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Colloquia

 

Coming Up: November 24, 2014 --James Olsen (Princeton University)

"Nature of the New Boson: a lonely Higgs, or one of many cousins?"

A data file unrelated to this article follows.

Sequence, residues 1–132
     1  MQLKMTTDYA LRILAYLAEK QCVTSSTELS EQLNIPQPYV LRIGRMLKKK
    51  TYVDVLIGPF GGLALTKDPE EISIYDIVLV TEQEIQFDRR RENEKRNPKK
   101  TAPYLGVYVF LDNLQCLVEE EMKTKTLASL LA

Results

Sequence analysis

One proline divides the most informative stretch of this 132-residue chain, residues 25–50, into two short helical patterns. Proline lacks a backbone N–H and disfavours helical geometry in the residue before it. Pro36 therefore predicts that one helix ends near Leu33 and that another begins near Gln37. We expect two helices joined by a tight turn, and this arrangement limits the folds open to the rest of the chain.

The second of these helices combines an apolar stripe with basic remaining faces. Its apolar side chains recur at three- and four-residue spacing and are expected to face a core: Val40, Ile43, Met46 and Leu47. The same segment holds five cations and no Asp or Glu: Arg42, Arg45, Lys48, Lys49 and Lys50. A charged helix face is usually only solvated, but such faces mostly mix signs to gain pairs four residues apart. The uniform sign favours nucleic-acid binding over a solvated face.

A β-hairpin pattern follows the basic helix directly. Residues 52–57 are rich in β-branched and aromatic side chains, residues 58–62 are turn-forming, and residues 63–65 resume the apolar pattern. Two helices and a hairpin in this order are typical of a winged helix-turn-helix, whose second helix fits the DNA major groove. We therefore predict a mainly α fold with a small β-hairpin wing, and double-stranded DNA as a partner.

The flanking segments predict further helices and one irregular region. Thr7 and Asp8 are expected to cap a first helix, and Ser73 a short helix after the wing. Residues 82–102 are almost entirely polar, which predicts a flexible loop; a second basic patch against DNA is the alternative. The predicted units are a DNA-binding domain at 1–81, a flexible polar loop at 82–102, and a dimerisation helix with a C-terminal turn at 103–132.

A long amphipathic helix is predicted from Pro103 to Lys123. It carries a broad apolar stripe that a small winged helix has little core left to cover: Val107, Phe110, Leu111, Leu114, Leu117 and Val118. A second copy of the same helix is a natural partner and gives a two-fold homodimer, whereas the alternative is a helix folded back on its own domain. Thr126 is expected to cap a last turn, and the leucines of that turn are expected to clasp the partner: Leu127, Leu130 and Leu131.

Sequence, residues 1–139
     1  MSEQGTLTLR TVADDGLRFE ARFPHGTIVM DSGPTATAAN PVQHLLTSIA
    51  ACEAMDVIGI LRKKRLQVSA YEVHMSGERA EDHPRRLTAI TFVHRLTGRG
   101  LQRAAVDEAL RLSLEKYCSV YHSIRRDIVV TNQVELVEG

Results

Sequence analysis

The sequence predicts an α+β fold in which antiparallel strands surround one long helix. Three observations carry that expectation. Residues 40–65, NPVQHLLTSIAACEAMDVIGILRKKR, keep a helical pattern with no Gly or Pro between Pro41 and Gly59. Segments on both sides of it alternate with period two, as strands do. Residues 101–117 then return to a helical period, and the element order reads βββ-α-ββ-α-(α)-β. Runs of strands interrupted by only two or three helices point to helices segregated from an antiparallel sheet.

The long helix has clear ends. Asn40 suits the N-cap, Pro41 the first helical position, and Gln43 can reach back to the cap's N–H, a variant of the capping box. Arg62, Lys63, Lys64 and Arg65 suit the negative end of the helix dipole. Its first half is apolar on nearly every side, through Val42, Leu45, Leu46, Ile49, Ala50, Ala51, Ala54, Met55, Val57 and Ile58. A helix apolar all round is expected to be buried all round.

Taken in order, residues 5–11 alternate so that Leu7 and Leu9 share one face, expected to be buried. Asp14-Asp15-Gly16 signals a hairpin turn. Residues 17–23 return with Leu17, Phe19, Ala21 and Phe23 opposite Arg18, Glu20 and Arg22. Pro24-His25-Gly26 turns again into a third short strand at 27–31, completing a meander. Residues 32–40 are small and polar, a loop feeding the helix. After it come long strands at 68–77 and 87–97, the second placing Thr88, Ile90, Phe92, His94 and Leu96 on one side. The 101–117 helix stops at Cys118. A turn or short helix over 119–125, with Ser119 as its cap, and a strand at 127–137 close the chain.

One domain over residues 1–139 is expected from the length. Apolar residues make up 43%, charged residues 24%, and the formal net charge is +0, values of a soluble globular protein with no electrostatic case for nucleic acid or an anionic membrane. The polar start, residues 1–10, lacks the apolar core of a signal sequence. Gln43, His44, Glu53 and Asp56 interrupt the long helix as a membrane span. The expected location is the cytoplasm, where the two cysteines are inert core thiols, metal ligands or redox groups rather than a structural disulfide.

Recent measurements from the ATLAS and CMS experiments indicate that the new boson discovered in 2012 at the Large Hadron Collider (LHC) at CERN is a Higgs boson.  In the standard model of particle physics, one Higgs boson is sufficient to give mass to the W and Z particles, as well as the fundamental fermions (quarks and leptons), while also ensuring that the photon remains massless.  Although this is the most economical scenario that explains electroweak symmetry breaking and the origin of fundamental particle masses, motivated extensions of the standard model predict multiple Higgs bosons with a rich phenomenology that could be detectable at the LHC.  In this colloquium I will present an overview of what we have learned about the Higgs boson from measurements based on the 2011-2012 data run, discuss the status of searches for additional Higgs particles, and close with a brief summary of prospects for the coming LHC run at higher energy scheduled to begin in spring, 2015.


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